His ideas for what to do on the Assembly are just as limited in their scope, made up chiefly of standard conservative talking points (low taxes, free enterprise, etc.) and tech as the answer to just about everything.  Sometimes those ideas make sense –

One idea to save money is to rent to the state space that’s not needed for the city’s data center, said Clary. He’s also heard a city human resources and financial software system is performing poorly, and is costing the city time and money. He’d like to get that fixed. [Ref #3]

– and sometimes he’s clearly out of his depth. John Aronno reports:

Next, he wants to “allow police and fire to be more effective through improved technology in the field.”

Great. But if you approve of Sullivan’s approach to reducing emergency services, I don’t understand how fancying up the computers in a vacant office helps anyone in an emergency. [Ref #1]

Exactly.  Not to mention — just what does Clary even know about police and fire technology?  According to the ADN, he owns Think IT Alaska and develops Internet software for GeoNorth. [Ref #3] But I don’t see anything at either company’s website to indicate he has any knowledge much less expertise in the technologies routinely used by law enforcement officers or firefighters in the field. Does he even know what NLECT stands for, or what it does?  What’s his experience or knowledge of crime mapping, its benefits, its limitations?  Just as a couple of for instances.  These are specialized areas; a degree in Management Information Systems and ownership of an IT consulting company do not make him even remotely qualified as the go-to guy for looking to the technology needs of Anchorage Police Department or Anchorage Fire Department.  He’s talking out of some other part of his anatomy there than his mouth, sorry.

Clary’s inexperience and narrowness of knowledge really shows here, too — from the KTUU story on the Midtown race:

Traini says if he’s voted in to the Assembly, the U-Med district containing the University of Alaska Anchorage campus and several city hospitals will get extra attention.

“The University-hospital area there is a big economic engine for Midtown,” Traini said. “We’ve got to figure out how to get transit coming in there, the housing around it, and the demands of the people who go to college there.”

Clary says he’s got a hands-off approach to government involvement in private lives.

“I think some of the business owners are concerned that the city doesn’t need to be proscribing so much how land use is developed in that area,” Clary said. “I’m of the opinion that the private sector needs to lead that effort.” [Ref #12]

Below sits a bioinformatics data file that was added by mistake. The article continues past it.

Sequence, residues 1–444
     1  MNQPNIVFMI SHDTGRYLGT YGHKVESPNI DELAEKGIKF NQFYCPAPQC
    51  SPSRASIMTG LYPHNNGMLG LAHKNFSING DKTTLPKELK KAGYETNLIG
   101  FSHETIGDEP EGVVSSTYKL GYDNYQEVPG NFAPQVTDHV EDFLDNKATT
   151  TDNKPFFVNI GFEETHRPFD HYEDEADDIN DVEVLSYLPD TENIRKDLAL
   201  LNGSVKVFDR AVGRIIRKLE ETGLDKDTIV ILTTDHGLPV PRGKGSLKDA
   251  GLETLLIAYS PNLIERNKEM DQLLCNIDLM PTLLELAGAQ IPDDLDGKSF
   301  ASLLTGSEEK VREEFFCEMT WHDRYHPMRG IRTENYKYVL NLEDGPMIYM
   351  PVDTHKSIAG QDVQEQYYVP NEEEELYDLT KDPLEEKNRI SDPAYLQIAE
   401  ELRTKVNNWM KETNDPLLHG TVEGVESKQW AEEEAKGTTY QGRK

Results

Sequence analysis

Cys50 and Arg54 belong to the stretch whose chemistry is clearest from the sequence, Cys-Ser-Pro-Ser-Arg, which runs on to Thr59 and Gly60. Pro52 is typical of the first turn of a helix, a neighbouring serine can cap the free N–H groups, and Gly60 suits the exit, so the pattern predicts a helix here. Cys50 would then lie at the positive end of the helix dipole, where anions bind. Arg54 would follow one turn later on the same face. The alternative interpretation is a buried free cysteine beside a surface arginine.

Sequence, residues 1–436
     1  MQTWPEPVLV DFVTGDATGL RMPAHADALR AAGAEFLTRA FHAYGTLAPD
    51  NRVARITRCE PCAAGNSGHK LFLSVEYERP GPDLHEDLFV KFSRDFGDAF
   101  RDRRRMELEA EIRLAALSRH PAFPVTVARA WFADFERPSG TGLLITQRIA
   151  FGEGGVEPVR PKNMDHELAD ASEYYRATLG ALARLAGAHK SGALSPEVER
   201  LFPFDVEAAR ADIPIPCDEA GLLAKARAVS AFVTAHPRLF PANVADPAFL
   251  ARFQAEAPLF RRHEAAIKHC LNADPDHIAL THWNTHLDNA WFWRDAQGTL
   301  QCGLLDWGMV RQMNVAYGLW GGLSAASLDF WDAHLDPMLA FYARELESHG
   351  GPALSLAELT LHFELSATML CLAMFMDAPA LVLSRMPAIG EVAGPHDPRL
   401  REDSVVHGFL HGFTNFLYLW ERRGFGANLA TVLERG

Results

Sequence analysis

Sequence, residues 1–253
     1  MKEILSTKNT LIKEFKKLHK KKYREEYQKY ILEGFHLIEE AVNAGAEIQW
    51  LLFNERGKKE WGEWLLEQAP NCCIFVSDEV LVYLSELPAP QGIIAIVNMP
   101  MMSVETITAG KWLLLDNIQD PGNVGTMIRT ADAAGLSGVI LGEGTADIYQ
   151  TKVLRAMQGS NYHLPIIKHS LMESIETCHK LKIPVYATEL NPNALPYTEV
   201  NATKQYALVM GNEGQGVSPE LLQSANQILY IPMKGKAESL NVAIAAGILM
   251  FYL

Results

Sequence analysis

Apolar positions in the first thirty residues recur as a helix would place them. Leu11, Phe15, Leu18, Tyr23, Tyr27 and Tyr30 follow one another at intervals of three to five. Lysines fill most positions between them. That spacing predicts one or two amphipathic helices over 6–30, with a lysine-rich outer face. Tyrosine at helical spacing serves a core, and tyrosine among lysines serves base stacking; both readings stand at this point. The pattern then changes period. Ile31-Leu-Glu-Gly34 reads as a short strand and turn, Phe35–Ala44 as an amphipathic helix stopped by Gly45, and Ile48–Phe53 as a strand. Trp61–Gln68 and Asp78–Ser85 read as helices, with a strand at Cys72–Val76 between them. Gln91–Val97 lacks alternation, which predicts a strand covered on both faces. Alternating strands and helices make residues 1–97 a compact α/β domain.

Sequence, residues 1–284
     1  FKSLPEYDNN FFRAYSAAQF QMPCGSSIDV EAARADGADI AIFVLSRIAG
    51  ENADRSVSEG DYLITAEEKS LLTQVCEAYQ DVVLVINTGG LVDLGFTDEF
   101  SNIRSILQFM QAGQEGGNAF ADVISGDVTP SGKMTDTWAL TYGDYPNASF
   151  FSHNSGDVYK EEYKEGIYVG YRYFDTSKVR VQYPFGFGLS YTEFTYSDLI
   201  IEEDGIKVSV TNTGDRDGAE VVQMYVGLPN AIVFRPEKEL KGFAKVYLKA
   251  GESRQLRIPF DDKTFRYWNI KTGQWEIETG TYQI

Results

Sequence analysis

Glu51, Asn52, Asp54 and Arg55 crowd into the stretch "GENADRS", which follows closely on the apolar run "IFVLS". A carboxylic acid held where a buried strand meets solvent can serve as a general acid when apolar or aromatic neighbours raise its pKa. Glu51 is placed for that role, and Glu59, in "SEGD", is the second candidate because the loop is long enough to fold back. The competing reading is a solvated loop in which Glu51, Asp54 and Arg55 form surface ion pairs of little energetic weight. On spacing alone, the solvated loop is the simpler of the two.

Has Clary never heard of government working with the private sector, for the benefit of both?  Hello?  Particularly when we’re talking about — hello? — an economic engine for the area that Clary is aspiring to represent.  Hello?

Andy Clary’s “fresh perspective”: Not really that new, not really that different, and — sorry — not really that bright

Just typical conservative talking points with a little IT added in.

Andy Clary's "fresh perspective"

It’s even clearer to me than it was before I started this post how much better a choice Dick Traini is than Andy Clary, whose chief qualification for running seems to be an ideological narrowness that matches that of Dan Sullivan, Dan Fagan, and the evangelical megachurch community.

Traini, for his part, is recognized for his ability to work with conservatives as well as progressives:

“I think I can get both sides to work together,” Traini said. “I have worked before with a liberal Assembly, I’ve worked with a conservative Assembly. I’ve worked with four or five mayors, depends on how you want to count. And we can all work together, because everybody down there wants what’s best for Anchorage.” [Ref #12]

Per the ADN,

former Assemblyman Traini, competing with Clary for the Midtown seat, regularly served as a swing vote between one camp and another on his prior years’ service. [Ref #13]

And we need that more than someone who seems poorly equipped to do anything other than be Mayor Sullivan’s yes-man.

I’m really glad I voted as I did. I hope other Midtown residents will vote for Traini too.

And do vote!  It’s important! Especially if you think Sullivan’s mayoralty sucks as much as I do: because this election, if it goes wrong, could serve to make his administration even suckier.


  1. 4/1/10. “Andy Clary” by John Aronno (Alaska Commons).
  2. 6/10/09. “Can you legislate morality?” by Andy Clary (Alaska Standard).
  3. 3/31/10. “Political rookie faces veteran in Midtown Assembly race — Experienced Traini faces challenge from newcomer Clary for seat being vacated by Coffey” by Rosemary Shinohara (Anchorage Daily News).
  4. 8/13/09. “Third time in 35 years: Anchorage’s equal rights ordinance” by Melissa S. Green (Henkimaa).
  5. 8/17/09. “Protesting the veto: Photos” by Melissa S. Green (Henkimaa).
  6. 3/31/10. “Daily News Reporter disgraces her profession” by Dan Fagan (Alaska Standard).
  7. 4/1/10. “Bent Alaska: ABT pastor’s son runs for Anchorage assembly” by E. Ross (Bent Alaska).
  8. 11/12/09. “LDS apostle: SLC gay-rights measures could work for state” by Rosemary Winters And Peggy Fletcher Stack (The Salt Lake Tribune).
  9. 4/2/10. “New laws protect gay and lesbian rights in Salt Lake City” by Lisa Von App (Examiner.com: Salt Lake City Page One Examiner).
  10. 4/2/10. “Midtown Anchorage Assembly Race Heats Up” by Jeanne Devon (The Mudflats).
  11. 4/2/10. “The Gospel of Mudslinging” by Ryan Knight (The Back Porch).
  12. 3/31/10. “Assembly election: Traini, Clary, Whittaker vie for Midtown seat” by Jason Lamb (KTUU Channel 2 News).
  13. 4/2/10. “Assembly races could shift mayor’s clout — TUESDAY ELECTION: With 5 seats up for grabs, Sullivan could suffer or benefit depending on who wins” by Rosemary Shinohara (Anchorage Daily News).